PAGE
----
What’s Got You Stuck? Here are three challenges I hear most often at workshops and coaching consultations.
I have so much material I don’t know where to start.
I hate to write, how can I do this?
I don’t know how to organize this project.
These problems are not insurmountable! In fact, sorting them out is a fun way to help you get started making your project a reality. I’ll try to answer each of these concerns over the next couple weeks but let’s just take the first one today.
Where to start when you have so much material?
Pick a point in your life that you most enjoy revisiting or telling stories about. Is it your childhood? Travels? Your experiences raising your own family? Starting at a time ripe with good memories is a way to build positive momentum and can help shape the theme of your book. You will probably end up expanding your scope but many great memoirs and oral histories stay with a narrow focus.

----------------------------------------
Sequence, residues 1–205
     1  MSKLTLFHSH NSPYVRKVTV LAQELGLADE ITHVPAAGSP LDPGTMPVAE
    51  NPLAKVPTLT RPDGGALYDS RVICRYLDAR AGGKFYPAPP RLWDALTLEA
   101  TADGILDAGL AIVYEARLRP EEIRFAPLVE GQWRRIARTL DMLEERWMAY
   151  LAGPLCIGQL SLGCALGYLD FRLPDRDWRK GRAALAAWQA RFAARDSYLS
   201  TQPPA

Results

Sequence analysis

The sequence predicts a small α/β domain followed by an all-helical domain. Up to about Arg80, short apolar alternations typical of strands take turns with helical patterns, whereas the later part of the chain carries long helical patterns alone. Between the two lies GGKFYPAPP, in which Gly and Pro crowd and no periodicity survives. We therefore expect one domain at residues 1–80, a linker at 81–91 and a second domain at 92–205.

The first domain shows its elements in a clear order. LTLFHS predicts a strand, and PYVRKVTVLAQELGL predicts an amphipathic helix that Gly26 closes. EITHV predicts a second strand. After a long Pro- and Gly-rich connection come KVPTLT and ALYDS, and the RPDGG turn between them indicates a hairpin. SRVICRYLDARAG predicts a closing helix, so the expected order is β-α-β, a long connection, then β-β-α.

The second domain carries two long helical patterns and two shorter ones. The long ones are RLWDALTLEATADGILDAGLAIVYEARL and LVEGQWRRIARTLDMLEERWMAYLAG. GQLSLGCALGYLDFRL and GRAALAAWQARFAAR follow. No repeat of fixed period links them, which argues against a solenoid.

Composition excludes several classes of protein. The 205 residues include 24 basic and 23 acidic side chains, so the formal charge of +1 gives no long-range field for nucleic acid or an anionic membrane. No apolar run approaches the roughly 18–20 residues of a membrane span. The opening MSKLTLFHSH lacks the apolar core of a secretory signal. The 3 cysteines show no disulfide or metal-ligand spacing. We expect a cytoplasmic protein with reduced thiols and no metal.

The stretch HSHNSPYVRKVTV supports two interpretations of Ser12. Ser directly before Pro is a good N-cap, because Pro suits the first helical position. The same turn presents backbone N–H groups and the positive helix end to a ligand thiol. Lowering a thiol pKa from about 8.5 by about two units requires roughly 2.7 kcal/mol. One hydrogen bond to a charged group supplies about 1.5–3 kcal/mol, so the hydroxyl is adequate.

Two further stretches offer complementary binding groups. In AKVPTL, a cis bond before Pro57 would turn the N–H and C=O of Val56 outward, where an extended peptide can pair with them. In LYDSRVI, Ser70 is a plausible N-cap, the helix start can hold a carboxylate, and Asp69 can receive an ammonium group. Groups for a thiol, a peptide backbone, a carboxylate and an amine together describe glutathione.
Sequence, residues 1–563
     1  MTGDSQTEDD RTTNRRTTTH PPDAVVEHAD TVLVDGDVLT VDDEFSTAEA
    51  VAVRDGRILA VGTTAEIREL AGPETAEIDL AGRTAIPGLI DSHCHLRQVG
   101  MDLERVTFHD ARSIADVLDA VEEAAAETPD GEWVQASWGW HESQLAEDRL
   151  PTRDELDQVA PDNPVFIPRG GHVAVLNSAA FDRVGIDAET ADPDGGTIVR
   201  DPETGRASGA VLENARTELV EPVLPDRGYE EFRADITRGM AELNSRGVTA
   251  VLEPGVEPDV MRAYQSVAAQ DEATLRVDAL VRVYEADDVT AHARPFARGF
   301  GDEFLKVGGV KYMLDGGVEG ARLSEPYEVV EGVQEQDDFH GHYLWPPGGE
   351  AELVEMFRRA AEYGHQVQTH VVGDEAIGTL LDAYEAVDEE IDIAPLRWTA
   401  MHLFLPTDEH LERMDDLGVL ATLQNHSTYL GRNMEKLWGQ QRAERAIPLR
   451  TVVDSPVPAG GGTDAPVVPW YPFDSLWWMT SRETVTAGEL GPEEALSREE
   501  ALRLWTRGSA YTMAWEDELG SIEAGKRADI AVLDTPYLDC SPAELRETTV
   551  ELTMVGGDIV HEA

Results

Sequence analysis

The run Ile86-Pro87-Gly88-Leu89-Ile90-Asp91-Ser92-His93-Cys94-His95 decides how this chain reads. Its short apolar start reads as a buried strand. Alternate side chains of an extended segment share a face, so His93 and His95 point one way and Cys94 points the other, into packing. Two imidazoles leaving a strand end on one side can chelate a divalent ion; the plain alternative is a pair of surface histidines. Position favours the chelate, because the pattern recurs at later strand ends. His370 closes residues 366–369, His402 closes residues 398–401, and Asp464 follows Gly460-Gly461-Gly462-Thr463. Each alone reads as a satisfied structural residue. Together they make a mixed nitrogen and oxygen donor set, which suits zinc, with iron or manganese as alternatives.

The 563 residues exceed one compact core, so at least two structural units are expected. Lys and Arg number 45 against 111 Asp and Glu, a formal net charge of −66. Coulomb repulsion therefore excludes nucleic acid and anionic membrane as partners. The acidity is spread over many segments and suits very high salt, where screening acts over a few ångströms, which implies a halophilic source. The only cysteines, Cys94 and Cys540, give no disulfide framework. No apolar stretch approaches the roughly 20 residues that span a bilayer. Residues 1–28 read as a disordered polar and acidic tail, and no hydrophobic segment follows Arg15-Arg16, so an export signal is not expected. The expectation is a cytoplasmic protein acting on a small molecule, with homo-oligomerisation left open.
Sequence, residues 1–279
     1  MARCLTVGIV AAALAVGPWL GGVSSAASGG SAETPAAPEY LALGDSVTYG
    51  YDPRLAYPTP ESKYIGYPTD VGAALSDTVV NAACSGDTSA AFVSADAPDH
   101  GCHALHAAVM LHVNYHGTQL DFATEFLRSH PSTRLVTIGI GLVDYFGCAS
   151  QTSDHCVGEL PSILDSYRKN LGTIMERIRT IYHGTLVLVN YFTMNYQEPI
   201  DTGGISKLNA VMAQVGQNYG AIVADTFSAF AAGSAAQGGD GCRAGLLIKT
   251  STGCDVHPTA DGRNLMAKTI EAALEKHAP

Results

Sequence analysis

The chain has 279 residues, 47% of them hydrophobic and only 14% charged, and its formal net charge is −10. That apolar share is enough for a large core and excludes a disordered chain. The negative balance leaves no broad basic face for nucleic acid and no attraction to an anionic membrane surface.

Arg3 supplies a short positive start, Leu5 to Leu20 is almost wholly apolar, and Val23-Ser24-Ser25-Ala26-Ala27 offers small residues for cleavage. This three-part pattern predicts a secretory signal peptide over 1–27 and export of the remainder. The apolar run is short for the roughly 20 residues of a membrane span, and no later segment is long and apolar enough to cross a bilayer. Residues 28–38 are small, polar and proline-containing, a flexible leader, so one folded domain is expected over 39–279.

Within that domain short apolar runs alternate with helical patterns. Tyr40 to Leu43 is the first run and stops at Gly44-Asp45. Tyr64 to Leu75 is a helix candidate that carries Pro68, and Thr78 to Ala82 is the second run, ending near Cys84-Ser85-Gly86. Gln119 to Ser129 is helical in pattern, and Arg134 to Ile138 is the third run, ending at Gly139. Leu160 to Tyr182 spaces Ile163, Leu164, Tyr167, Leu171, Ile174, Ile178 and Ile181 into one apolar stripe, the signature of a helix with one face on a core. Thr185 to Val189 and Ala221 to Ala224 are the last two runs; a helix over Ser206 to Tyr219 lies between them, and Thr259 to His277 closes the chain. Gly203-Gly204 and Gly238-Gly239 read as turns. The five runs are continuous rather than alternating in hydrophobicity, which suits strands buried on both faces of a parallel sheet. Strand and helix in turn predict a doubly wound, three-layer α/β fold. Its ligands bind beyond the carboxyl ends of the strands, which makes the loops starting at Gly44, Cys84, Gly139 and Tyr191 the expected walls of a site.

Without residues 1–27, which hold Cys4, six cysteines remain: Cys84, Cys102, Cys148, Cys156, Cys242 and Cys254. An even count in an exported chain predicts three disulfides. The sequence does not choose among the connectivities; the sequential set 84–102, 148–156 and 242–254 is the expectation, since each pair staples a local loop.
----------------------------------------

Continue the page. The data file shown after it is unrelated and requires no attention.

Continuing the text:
You don’t have to write War and Peace to craft
a personal history that delights you and your family.
So, here’s what to do today—grab your favorite cup of whatever, sit down with a notebook or your computer and just brainstorm. For this exercise I prefer the old pencil and paper method, there is something about it that helps stimulate your little gray cells. Recall your chosen starting point and write down everything you can think of that relates, even if it seems like a rabbit trail. In this case rabbit trails are good! Don’t worry about complete sentences or even thoughts; jot down words, phrases, events, impressions.
One thing that will help is incorporating each of your senses. Write down one idea that relates to this time in your life and covers each of the five senses. What is something you remember the feeling or texture of? Maybe it was your favorite quilt, or a new puppy, or the feel of a plank of wood. Sight—what visual memory stands out? A fishing pole? Your best friend? Taste—what food do you associate with this time in your life? Maybe it was a can of beans your dad opened when you were camping. Perhaps it was home-fried potatoes or Grandma’s pie. Anyway, you get the idea.
This mental landing place is the most important geography in your story. It will help you decide what to keep and what to save for another day, another story. It is the place you will begin from and will provide the framework for “the rest of the story” as Mr. Paul Harvey used to say.